Skied Again

Some people don’t consider Cross Country skiing, also known as Nordic skiing, to be skiing. That’s OK with me. I’ve seen guys strap skins on their down hill skis, climb up a mountain, take off the skins and ski down, and I mean a big mountain. That was 30+ years ago and now the two sports have moved closer together. I know that from the skis I just bought. Like downhill skis, they are “cut in” on the sides and they are comparatively short. They are different, as I’m learning from taking them out, twice now. I can tell from the few little knolls I’ve skied down that they would really like more hills than my golf course offers, but I had to tell them, “Guys, listen. I don’t really remember how to turn.”

“Sure you do,” they said, “just keep at it.”

They’re probably right.

Maybe what I should worry about is having conversations with my skis.

I had the golf-course to myself. Someone was there this morning — the skater guy, I think, from the tracks. In the meantime — night before last — we had a sweet fluff of light snow. It was followed by a warm temps (40 F/4C) yesterday and a bitter wind, bitter enough to make slanted icicles as the day cooled and the melted snow on the roof-lines froze.

I knew this morning I wanted to get out there, but I waited to see what was going to happen with the temperature. If it got to freezing — or a little above, I would go. I knew there would be a crust of ice under drifts, and in shady spots, it was kind of icy, but, overall, I’ve skied on much worse.

I fell — that’s the best thing that happened. I found out that I can get up from a fall and how I would do it. There are a couple of positions I’m not supposed to get myself into, and one of them could be the result of getting up from a fall. It was wonderful to know I can get up.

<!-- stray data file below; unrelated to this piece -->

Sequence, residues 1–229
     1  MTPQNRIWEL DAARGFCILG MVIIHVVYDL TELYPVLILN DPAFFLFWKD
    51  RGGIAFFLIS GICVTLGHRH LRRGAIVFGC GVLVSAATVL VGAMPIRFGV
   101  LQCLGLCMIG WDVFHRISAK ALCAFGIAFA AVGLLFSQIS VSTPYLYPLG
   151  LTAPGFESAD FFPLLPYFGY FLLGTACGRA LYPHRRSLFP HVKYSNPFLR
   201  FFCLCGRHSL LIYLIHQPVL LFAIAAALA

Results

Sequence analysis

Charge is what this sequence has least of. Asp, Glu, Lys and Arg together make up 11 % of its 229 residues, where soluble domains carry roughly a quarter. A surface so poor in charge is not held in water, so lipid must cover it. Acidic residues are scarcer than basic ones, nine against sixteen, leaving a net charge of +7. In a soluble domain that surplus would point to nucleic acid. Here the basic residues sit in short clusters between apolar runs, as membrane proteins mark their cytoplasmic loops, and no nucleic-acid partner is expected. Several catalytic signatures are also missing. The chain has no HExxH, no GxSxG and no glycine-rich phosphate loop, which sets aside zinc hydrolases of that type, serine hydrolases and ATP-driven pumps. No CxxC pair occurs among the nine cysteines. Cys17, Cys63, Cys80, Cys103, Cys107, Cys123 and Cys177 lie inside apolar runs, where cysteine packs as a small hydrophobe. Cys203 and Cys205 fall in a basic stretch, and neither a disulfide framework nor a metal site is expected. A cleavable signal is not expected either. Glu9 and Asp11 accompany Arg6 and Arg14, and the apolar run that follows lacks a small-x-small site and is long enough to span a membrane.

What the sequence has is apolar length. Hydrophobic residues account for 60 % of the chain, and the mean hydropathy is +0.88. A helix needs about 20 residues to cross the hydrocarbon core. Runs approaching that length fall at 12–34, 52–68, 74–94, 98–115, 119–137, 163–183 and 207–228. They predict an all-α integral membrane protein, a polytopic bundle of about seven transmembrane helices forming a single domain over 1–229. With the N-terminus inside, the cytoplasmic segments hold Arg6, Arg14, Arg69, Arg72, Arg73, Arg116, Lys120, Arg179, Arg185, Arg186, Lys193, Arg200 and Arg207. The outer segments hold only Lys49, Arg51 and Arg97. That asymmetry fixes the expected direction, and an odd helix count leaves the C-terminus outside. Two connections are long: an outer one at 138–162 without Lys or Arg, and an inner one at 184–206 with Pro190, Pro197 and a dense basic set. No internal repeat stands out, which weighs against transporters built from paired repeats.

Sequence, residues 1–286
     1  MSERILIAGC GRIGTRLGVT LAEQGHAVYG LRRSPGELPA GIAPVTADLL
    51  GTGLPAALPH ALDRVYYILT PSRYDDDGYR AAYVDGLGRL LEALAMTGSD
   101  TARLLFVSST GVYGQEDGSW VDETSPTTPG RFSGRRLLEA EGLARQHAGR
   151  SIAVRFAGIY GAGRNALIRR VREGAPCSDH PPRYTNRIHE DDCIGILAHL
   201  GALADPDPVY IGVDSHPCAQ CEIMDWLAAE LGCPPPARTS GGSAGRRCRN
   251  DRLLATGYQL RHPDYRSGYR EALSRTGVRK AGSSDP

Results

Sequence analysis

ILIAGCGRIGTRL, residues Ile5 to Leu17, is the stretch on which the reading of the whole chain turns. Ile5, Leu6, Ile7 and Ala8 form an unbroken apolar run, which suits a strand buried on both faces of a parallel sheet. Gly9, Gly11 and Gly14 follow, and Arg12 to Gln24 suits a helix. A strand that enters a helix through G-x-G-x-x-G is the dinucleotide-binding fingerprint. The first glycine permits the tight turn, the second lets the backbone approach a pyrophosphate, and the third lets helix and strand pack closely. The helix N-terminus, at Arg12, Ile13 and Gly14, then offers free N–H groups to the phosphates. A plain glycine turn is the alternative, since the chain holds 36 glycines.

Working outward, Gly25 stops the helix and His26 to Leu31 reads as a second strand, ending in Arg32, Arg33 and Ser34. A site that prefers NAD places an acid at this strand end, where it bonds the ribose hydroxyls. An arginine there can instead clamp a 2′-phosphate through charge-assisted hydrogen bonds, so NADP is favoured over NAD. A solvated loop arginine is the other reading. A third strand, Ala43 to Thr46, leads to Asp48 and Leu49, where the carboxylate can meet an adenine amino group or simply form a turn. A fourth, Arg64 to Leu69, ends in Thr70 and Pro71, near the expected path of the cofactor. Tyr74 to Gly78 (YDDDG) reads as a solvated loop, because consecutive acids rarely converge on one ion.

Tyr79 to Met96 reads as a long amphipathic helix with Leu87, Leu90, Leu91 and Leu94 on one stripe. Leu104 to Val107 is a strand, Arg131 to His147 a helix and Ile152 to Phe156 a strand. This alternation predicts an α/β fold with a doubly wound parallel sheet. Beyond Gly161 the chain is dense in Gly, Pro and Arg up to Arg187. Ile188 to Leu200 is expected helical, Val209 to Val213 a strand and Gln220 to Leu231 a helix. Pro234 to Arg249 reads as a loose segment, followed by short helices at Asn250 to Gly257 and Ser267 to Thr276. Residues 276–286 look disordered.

It was a dazzling blue-sky day. Not many animal tracks and no sign of “my” deer, so I didn’t feel so guilty about having walked the dogs at the high school before going out to “our” place.

10 thoughts on “Skied Again

  1. My cousin Roberta was a big cross-country skiier and she really wanted to get me into it. At the time, though, I was living in Israel — not famous for ski trails. By the time I came back … and finally moved up to New England where skiing is possible, I was in my late 40s and more into riding than skiing. It also took a couple of years before I got re-used to the cold! I really enjoy hearing you talk about it, though, because you make it sound like something a normal person can do.

    • I think most people can do it. And you get better with practice. Lessons are a good place to start because it feels weird at first. It’s easier on the joints than walking, and it’s stellar aerobic exercise. But most of all, it gets a person out into the beautiful world of winter. โค

  2. Yaaaaay go you! I am really happy to hear you’re up and skiing again!! โค

    I thought that cross country skiing is harder than downhill skiing…or at least more cardio. I hope you keep having a fantastic winter in the snow.

    • โค Thank you. I'm so happy. On this very day last year I made my first visit to an orthopedic surgeon. It was a disaster. I didn't know when or who or how at that point, or if I'd ever do anything I loved again.

      I think both kinds of skiing are great, but I think Cross Country is better exercise and more fun. You can really go anywhere once you're good enough. I love them both, but this is the kind of skiing I know I can do and I love my skis and the snow is great.

  3. It’s called “langlauf” here and is very popular. We have popular annual events, especially the Engadiner, where hundreds take part, available for everyone if you enter. Of course it is the so-called profis that win, but I am sure it is fun. It might not be as spectacular as the alpine, but also a sport worthy of its recognition.

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